For a long time, doctors have denied that the payments they receive from pharmaceutical companies have any relationship to how they prescribe drugs. And while until just recently there was little evidence to the contrary, ProPublica has come to our rescue. Their recent analysis has found that doctors who receive payments from the medical industry do tend to prescribe drugs differently than their colleagues who don’t receive payments. And the more money they receive (on average) the more brand-name medications they prescribe. For the analysis, ProPublica looked at brand-name prescribing rates for doctors who received no payments, $0.01 to $100, $100 to $500, $500 to $1,000, $1,000 to $5,000 and more than $5000 in payments, from drug or device companies in 2014.                                                                                
Doctors who got money from drug and device makers, even if it was just a meal, prescribed a higher percentage of brand-name drugs overall than doctors who didn’t. And that percentage was two to three times higher than others in their specialty. The doctors who received more than $5,000, from companies in 2014, typically had the highest brand-name prescribing percentages.                                                                                        
So, while ProPublica’s analysis doesn’t prove industry payments sway doctors to prescribe particular drugs (or even a particular company’s drugs) it does show that payments are associated with an approach to prescribing that benefits a drug company’s bottom line (shocker). Hopefully, this will move us past the, ‘Oh, there’s no evidence that these relationships change physicians’ prescribing practices,’ belief. Again, even though numerous studies have show generics to work just as well as name brands- for most patients- many doctors are still choosing their more expensive counterparts.
And payments are widespread; almost nine in 10 cardiologists, who wrote at least 1,000 prescriptions for Medicare patients, received payments from a drug or device company in 2014, while seven in 10 internists and family practitioners did. People can decide whether or not the payments are good or bad, but we can no longer debate that they exist throughout the medical profession. 
A spokeswoman for the industry trade group- Pharmaceutical Research and Manufacturers of America- Holly Campbell, believes that many factors affect doctors’ prescribing decisions but it’s just part of the process. Even though some doctors have above-average prescribing rates of brand name drugs, they provide real world insights and valuable feedback. So, when doctors and biopharmaceutical companies work together, patient care is improved and the medicines we have today are used better.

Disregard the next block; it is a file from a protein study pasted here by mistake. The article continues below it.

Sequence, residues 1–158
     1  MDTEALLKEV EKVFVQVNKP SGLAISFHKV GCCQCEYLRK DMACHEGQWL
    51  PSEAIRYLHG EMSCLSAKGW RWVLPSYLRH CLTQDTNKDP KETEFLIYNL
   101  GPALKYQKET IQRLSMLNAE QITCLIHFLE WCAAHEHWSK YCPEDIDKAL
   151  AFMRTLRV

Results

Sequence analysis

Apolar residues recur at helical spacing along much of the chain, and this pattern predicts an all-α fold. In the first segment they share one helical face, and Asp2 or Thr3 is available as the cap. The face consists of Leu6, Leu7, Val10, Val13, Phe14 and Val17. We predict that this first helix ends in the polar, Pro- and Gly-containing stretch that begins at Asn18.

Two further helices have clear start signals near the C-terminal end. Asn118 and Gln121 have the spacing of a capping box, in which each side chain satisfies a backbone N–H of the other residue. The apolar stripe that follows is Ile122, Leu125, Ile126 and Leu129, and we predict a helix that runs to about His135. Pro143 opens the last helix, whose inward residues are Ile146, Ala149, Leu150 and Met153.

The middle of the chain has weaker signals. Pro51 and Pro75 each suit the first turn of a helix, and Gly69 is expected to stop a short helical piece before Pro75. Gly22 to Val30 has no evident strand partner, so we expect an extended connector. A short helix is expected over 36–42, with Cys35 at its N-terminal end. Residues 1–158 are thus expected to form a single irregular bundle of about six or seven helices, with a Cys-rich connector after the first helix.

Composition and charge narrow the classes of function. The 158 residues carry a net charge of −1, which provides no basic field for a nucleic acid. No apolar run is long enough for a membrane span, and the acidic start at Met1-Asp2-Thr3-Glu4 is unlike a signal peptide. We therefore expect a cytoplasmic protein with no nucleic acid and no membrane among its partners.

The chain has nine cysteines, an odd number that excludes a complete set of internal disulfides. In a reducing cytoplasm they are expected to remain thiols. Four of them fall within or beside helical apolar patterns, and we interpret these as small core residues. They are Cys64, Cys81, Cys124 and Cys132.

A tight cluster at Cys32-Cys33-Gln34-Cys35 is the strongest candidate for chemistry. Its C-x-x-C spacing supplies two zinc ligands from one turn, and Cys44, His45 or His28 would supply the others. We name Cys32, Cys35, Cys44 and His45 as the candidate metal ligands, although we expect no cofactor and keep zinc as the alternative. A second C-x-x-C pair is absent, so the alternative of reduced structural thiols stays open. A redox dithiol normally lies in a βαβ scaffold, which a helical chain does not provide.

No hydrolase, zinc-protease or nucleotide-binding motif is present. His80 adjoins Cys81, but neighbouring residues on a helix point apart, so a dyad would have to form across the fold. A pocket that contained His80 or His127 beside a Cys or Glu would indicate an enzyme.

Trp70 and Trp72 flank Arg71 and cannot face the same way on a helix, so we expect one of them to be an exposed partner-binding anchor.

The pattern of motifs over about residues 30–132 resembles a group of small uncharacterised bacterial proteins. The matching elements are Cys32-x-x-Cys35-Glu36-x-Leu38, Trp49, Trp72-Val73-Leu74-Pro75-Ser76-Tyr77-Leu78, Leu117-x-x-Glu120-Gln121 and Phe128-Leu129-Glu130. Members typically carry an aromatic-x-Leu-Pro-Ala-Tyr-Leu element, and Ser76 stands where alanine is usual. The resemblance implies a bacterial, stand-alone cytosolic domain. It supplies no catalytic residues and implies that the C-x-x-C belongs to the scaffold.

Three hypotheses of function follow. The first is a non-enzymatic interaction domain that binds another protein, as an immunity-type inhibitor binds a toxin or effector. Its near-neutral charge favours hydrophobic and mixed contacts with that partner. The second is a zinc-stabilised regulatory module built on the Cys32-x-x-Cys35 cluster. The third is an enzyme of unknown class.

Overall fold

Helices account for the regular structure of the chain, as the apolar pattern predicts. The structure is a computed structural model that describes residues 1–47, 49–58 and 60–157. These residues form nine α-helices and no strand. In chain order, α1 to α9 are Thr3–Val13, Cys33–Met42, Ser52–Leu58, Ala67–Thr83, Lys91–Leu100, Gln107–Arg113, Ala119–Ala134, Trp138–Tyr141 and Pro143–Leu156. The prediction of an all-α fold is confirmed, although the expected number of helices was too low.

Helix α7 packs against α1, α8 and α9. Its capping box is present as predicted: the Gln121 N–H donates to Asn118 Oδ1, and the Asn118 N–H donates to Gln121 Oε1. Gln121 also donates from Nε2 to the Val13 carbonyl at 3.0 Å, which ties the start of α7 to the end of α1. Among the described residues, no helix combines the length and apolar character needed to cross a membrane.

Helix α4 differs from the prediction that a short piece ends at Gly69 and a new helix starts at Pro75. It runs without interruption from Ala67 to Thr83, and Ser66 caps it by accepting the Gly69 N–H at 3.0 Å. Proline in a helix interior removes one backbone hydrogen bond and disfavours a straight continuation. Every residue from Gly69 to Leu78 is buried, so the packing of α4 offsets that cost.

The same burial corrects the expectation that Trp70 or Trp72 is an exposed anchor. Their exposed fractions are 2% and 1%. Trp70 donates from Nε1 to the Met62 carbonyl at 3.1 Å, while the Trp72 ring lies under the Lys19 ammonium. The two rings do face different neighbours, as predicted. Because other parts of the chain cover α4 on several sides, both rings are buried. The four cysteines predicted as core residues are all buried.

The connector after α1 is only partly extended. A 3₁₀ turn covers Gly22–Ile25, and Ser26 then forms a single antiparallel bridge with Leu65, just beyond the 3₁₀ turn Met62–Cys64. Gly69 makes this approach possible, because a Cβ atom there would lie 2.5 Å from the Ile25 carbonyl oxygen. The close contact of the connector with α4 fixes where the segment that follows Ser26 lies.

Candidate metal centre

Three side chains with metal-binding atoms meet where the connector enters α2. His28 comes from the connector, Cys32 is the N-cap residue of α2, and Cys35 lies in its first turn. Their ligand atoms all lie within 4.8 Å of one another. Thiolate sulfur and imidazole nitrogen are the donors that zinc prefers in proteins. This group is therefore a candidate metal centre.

But, who are some of these doctors and just how much money are they making?
  • Amer Syed of Jersey City, New Jersey, received more than $66,800 from companies in 2014 and his brand-name prescribing rate was more than twice the mean of his peers in internal medicine.
  • Psychiatrist Alexander Pinkusovich of Brooklyn, also prescribed a much higher proportion of brand-name drugs than his peers in 2014 and he received more than $53,400 from drug companies.
From The Atlantic article:
“ProPublica has been tracking drug company payments to doctors since 2010 through a project known as Dollars for Docs. Our first lookup tool included only seven companies, most of which were required to report their payments publicly as a condition of legal settlements. The tool now covers every drug and device company, thanks to the Physician Payment Sunshine Act, a part of the 2010 Affordable Care Act.
The law required all drug and device companies to publicly report their payments. The first reports became public in 2014, covering the last five months of 2013; 2014 payments were released last year. The payments in our analysis include promotional speaking, consulting, business travel, meals, royalties and gifts, among others. We did not include research payments, although those are reported in the government’s database of industry spending, which it calls Open Payments. Separately, ProPublica has tracked patterns in Medicare’s prescription drug program, known as Part D, which covers more than 39 million people. Medicare pays for at least one in four prescriptions dispensed in the country. This analysis matches the two datasets, looking at doctors in five large medical specialties: family medicine, internal medicine, cardiology, psychiatry, and ophthalmology. We only looked at doctors who wrote at least 1,000 prescriptions in Medicare Part D.”
Here’s the deal, if a generic would be just as appropriate, that’s what I want. My issue, and I believe this is the issue many will take with this information, is that if the doctor is so easily swayed by a pharmaceutical company, what else could just as easily have his ear? The age of salespeople, who aren’t medical professionals, selling brand name drugs via dinners, equipment, trips, etc.- to our doctors- needs to be over. 

Source: The Atlantic